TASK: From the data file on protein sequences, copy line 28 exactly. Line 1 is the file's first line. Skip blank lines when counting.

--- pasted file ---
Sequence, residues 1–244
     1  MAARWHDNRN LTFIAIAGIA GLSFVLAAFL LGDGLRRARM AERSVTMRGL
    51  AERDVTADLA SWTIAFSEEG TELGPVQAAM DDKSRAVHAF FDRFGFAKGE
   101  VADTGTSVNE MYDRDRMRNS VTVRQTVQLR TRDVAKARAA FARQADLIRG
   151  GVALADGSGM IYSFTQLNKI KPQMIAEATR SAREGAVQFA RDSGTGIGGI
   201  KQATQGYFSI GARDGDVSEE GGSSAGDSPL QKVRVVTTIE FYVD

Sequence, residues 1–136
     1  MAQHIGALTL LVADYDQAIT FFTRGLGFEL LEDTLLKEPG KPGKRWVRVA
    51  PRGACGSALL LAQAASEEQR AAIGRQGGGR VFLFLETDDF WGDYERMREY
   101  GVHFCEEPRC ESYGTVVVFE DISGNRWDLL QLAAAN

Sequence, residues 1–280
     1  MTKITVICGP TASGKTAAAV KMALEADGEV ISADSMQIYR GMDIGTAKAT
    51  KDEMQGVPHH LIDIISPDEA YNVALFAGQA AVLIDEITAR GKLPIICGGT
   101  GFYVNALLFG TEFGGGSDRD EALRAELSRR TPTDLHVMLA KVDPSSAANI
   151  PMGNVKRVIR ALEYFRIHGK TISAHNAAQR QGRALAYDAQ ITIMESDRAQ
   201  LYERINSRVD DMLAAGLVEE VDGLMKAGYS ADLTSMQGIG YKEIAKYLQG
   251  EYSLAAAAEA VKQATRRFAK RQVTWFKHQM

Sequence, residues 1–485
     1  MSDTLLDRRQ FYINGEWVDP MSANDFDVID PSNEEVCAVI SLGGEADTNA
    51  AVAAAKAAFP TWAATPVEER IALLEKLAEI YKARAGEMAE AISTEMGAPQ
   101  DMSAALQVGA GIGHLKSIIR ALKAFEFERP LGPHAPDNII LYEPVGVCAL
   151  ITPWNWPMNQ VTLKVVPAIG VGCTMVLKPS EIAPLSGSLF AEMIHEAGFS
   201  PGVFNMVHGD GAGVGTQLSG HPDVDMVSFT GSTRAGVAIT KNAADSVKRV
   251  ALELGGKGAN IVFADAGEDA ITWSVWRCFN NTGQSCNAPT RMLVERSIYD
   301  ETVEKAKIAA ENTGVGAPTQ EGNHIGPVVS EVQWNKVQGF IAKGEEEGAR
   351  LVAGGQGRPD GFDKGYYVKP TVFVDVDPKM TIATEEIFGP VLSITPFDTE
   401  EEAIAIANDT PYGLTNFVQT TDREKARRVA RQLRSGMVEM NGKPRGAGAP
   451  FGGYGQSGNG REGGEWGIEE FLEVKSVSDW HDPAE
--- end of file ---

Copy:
   451  FGGYGQSGNG REGGEWGIEE FLEVKSVSDW HDPAE